If you want to do a good job, you're going to need to stop trying to do this with free software. Believe me I've been in that insanity before - where a software company does not want to spend money on software! Invest in a copy of TechSmith Camtasia. It will have everything you need to record the screen, edit it into a professional video and produce a format you can distribute. It only costs $300, plus you can get a 30 free trial.
As was mentioned before, get that original recording screen down to the smallest possible size. Don't record at 1920x1200, instead try 800x600 or even 640x480 if your software will fit into that size window.
May 11th, 2010, 03:56 PM
Following up on Chris' excellent advice (do follow it!)...
When he says "pixel-for-pixel accuracy", this is a really key concept in these projects. The original resolution of the capture should be the delivery resolution, period. This is what makes these projects look like they should.
So, as Chris suggests, you need to determine the minimum resolution that will adequately demonstrate the software. Set up the software at that window size, and remember, you might need to come back and do more work at precisely that size.
Then, maintain this resolution through every subsequent step, through to the final delivery.
Camtasia is the standard for this kind of work, and for good reason. The TSCC codec is excellent for capture. Usually, I'm outputting flash, but, at the same resolution as the capture, and, not until the very end of the process.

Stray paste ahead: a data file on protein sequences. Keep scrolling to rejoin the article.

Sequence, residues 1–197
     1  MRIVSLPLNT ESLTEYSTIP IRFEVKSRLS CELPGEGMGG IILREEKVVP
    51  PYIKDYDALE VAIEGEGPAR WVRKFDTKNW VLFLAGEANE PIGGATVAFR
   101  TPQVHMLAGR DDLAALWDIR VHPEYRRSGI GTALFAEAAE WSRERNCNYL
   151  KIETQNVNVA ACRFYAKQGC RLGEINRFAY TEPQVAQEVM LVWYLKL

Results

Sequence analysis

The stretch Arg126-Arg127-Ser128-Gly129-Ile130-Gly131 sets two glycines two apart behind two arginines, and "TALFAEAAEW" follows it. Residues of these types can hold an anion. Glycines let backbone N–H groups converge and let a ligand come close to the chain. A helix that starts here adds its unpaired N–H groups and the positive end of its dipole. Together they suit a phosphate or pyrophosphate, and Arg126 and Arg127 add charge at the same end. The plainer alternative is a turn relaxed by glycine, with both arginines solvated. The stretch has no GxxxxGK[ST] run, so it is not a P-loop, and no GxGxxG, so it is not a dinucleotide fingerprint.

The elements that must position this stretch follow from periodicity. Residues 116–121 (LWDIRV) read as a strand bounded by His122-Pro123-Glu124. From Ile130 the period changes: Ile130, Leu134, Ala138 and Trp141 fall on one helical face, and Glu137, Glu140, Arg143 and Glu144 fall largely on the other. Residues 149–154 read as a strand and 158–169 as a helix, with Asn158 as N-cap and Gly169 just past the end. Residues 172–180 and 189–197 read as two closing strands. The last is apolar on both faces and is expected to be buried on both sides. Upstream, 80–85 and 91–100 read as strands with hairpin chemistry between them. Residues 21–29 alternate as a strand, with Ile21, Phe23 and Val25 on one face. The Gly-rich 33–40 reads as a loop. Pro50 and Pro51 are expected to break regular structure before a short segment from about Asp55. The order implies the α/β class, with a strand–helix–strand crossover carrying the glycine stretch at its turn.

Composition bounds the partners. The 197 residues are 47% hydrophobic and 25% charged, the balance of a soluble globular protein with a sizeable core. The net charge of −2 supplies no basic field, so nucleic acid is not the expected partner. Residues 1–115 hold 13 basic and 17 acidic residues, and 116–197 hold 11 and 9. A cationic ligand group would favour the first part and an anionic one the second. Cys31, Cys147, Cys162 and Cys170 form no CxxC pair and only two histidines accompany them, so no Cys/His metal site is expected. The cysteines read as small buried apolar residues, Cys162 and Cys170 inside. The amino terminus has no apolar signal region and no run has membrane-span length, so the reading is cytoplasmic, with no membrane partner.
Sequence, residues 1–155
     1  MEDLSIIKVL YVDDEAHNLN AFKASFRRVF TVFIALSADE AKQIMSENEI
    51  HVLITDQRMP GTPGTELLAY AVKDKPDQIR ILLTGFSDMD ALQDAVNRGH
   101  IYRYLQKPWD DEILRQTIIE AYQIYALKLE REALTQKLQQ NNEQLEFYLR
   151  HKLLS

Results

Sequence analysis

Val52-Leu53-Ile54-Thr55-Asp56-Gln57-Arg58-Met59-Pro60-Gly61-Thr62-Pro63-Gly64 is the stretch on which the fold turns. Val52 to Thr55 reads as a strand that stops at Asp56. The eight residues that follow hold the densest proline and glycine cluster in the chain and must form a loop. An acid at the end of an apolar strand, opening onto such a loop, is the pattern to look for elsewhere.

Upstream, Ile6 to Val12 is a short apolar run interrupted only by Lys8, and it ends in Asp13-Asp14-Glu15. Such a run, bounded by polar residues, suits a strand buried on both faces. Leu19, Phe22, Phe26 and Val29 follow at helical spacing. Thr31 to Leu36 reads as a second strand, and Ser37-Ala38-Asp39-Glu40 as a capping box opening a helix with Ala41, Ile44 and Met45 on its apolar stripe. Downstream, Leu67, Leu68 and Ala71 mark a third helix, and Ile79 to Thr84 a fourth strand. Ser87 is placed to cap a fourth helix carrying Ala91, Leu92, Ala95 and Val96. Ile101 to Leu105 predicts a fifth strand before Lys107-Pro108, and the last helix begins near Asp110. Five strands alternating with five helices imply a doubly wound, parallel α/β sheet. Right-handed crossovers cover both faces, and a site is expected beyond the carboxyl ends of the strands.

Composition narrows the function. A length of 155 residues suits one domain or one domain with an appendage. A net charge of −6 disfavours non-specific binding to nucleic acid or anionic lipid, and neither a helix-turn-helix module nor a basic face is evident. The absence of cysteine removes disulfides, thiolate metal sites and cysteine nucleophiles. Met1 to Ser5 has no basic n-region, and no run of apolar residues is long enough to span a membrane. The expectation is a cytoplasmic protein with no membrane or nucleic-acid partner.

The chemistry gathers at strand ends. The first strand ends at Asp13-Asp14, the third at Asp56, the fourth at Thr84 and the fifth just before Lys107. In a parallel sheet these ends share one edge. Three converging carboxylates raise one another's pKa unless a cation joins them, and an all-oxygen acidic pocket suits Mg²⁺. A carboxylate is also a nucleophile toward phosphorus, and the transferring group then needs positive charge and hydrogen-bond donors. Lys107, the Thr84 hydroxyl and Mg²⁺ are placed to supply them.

May 11th, 2010, 09:06 PM
We could probably afford Camtasia once the "proof-of-concept" stage is passed, but I have to see if I can even get this to work with the computers at hand. Maybe I'll try the the 30-day trial version. It seems like a lot of folks like Camstudio, but what little online support there is presumes a level of video know-how that I ain't got (yet). I was shocked at how big the files became just from being re-synced in VirtualDub.
I-Movie09 only handles .DV and .MOV files so that requires even more crunching. I think I'd be better off trying to keep it all in one app, but I don't know if this aged laptop PC will handle it? I'll try to lower the resolution and I'll try to figure out how to match the resolution between whatever I record in and the .FLV file. I've worked in graphic software for many years and it's amazing how little good that is doing me. Video is a whole new world.
May 16th, 2010, 08:16 PM
I have to disagree with the uselessness of the free CamStudio.
Free or not, I had great results with it; recognizes all the video codecs installed on the computer and I've used it with the Canopus HQ codec with no problems.
You might have set something wrong in your video settings.
Just out of pure curiosity, reading this thread, I fired it up for the first time on my Win7 machine... works like a charm. I have the 2.5 version "portable" (does not need installation).
By the way, as far as I know, Camtasia is the commercial version (further developed) of the CamStudio.
May 25th, 2010, 07:24 PM
I'm glad Camstudio worked for you. I read a lot of favorable reviews, but I couldn't get anywhere with it. Camtasia worked on the first try. It has a lot of extra features I'm finding useful as well.